I was happy when the battle finished. I went out and partied after that. I didn’t give a fuck. I knew he was depressed as hell. I got my job done. My job was to expose him more than winning. If I won and didn’t expose him, I would have been a sad person. The whole battle would not have meant shit to me. The only reason I was excited about this battle was because I could tear someone down like that; that’s a disgrace to what we do, the art we do. I felt like I was doing the universe a job, like I was doing everybody a good deed by doing this battle. My job was done. I fucking lost, but I took him with me. I’ve been hearing from fans and comments that, “Dizaster may have lost the battle but he won the war.”
DX: What did you think about the judges’ decision? What did you say to them that day?
Dizaster: I didn’t give a fuck about the judges. People think that I got robbed. People even think that the judges’ decision was wrong. But at the end of the day, I don’t blame the judges for any decision they made. The whole battle was influenced by the crowd and Arcane’s fraudulent facade. It was tainted. The battle was tainted from the beginning. They weren’t going to be able to make a correct decision. Arcane ended his verse last. It was fresh in their heads. He ended with some corny shit. He just delivered it and everyone reacted to it.
DX: How does Organik feel about the situation? What has he told you?
Dizaster: I know he’s upset, but I really don’t know what type of moves they’re gonna make. So I can’t speak on it. But I know he’s not happy about it.
DX: What is he more mad about, the battle or the exposing?
Dizaster: I don’t think he cares so much about the battle. I think he cares more that fraudulent shit has been brought the table.
The Evolution Of Battle Rap And Dizaster’s SMACK/URL Debut
DX: You’re making the transition now into the URL. What do you feel is the biggest difference between the URL and KOTD?
Dizaster: Different people, man…different cultures, different type of upbringing, different types of interests in life, different types of hobbies, different types of everything. It’s just different. We all do the same thing. At the end of the day, everybody’s a battle rapper, but it’s a completely different element. It’s like one of them are aquatic mammals, and the other are mammals on land. It’s not the same. A movie reference you can make to a Canadian crowd or a King of the Dot crowd, you can be making a reference to a movie that no one in URL has ever watched because it’s a different demographic. [It could be a] stupid movie that no one would watch, maybe. That movie will get you a great reaction in front of people for making a reference to it. But if you say it in front of a crowd that doesn’t know, there you go, you’re left with nothing. It is what it is. It’s the same vice versa. You can mention something in front of a URL crowd, but a bunch of cats from GrindTime or King of the Dot may not get that shit, so you just have to know the best of both worlds. You gotta know how both worlds operate. That comes from growing up around both worlds, not just trying to transition and go into both worlds.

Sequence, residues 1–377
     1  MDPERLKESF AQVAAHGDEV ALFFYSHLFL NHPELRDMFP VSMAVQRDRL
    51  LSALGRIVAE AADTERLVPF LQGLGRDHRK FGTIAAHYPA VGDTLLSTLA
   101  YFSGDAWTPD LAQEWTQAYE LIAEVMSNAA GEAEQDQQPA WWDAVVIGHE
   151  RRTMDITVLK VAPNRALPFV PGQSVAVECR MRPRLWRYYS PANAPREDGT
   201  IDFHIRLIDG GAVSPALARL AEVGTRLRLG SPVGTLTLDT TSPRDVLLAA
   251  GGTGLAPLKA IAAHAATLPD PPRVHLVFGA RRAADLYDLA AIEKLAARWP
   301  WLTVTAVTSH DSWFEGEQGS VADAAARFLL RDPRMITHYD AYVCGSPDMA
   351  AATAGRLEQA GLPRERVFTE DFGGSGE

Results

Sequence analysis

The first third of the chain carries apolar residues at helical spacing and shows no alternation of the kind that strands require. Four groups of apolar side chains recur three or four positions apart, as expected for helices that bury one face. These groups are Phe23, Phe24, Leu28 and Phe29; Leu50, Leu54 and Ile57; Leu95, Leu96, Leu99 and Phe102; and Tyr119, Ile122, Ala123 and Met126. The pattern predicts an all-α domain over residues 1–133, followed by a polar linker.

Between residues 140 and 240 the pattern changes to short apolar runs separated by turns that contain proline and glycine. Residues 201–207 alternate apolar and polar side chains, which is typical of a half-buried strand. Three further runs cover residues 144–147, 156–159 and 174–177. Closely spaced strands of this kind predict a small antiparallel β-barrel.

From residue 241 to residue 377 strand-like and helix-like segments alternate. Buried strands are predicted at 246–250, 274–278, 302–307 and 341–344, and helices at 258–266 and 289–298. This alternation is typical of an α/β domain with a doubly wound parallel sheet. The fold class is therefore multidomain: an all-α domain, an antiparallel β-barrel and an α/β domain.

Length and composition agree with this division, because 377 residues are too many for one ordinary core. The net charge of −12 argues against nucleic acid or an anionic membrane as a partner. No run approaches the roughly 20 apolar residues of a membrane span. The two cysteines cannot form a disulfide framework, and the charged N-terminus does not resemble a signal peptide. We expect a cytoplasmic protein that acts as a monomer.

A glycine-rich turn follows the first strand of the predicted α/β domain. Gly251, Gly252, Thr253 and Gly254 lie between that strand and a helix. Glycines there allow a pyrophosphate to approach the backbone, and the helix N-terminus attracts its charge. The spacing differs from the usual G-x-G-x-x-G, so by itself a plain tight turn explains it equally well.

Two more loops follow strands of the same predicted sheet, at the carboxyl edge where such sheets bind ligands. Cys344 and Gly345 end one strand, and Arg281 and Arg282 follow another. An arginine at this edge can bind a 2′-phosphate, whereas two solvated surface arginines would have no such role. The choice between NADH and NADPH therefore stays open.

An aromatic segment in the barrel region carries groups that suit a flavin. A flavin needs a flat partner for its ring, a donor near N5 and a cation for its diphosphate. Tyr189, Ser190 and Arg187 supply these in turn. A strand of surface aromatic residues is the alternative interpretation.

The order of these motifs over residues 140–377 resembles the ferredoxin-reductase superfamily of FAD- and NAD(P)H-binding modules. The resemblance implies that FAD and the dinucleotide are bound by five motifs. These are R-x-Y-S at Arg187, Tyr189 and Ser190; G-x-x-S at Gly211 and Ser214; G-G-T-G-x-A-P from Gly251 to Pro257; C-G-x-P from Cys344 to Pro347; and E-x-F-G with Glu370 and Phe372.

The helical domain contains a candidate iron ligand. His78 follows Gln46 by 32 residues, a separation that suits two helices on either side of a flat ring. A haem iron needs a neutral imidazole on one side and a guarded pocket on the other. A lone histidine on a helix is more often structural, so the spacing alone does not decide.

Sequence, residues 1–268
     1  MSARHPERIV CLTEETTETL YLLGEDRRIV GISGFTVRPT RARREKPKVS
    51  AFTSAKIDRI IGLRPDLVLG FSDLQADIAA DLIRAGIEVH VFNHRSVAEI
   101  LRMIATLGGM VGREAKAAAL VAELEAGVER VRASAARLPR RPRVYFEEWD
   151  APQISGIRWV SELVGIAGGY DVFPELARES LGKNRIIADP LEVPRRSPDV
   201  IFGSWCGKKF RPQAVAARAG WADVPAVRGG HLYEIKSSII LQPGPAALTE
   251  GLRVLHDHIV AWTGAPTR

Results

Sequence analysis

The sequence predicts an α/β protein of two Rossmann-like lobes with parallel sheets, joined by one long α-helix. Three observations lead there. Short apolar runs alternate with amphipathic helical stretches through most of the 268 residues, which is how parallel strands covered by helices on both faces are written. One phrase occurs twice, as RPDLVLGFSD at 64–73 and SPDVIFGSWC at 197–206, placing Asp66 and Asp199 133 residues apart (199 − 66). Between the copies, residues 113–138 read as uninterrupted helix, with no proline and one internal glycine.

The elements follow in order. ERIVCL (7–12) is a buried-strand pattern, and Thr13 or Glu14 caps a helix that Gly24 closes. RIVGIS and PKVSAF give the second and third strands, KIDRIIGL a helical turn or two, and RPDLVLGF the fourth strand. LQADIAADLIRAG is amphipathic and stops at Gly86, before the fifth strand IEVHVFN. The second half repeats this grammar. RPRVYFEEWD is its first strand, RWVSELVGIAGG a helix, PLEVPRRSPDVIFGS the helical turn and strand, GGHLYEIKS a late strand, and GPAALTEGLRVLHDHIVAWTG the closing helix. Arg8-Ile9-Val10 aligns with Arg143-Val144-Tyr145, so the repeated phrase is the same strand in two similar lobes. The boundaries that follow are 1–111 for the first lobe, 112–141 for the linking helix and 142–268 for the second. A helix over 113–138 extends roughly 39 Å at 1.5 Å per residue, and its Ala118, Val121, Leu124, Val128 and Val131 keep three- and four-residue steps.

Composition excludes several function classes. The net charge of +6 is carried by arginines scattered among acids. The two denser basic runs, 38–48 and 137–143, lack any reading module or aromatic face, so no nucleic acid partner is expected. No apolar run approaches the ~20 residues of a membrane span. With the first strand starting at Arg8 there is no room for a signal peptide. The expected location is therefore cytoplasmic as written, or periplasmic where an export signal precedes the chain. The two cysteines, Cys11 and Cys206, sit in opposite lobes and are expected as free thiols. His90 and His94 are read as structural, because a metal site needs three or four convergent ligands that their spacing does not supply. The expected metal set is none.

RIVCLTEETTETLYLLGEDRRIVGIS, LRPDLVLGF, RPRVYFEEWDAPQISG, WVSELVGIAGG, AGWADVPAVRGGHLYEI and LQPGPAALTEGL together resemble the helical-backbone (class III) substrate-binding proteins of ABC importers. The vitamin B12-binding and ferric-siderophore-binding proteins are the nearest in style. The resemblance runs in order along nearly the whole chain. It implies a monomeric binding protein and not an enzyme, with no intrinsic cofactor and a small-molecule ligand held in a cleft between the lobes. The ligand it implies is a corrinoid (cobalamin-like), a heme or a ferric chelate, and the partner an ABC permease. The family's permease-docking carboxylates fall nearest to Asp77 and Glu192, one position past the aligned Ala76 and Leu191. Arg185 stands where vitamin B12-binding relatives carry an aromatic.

This is me transitioning to SMACK, but this ain’t my transition into street battling. This ain’t my transition around an urbanized culture or a culture that’s just strictly Hip Hop. But at the end of the day, I’m diverse as fuck. I fit everywhere in the planet, so I don’t feel I have a place where I don’t fit. URL, to me, is going to be another part of me that I’m exercising. I can’t wait. It’s one of my favorite styles. It’s a completely different approach and I prefer to do that most of the time, to be honest with you. So I’m gonna be comfortable as fuck. It’s not like I’m going to change. I’m just going to have to do what I usually do. You know what I mean? It’s gonna be fuckin’ fun as fuck.
DX: Do you feel like you were in that pocket when you battled Swave Sevah and DNA, who are both from New York, or is this going to be a new Diz?
Dizaster: It’s probably going to be a completely new Diz. But yeah, it’s kind of like the Swave Sevah shit. And if you go back, people can find my battles from back in the day in Santa Monica, when we were doing street battles in Culver City [California]. That syle is just metaphors and raw shit. It’s just everything, man. It’s the full package, man. It’s the complete me. Whatever you see on URL is going to be the complete version of me. Everything that makes me, I will do it on the stage. I’m not gonna hold back.
DX: I believe your first battle, versus T-Rex, will now be in March, right?
Dizaster: Nah. It’s probably going to be in April, to be honest with you.
DX: What’s been holding up the battle’s rescheduling after the cancelation?
Dizaster: I don’t really know. We want to do a big event for our battle. I’m not gonna do the battle in no small room.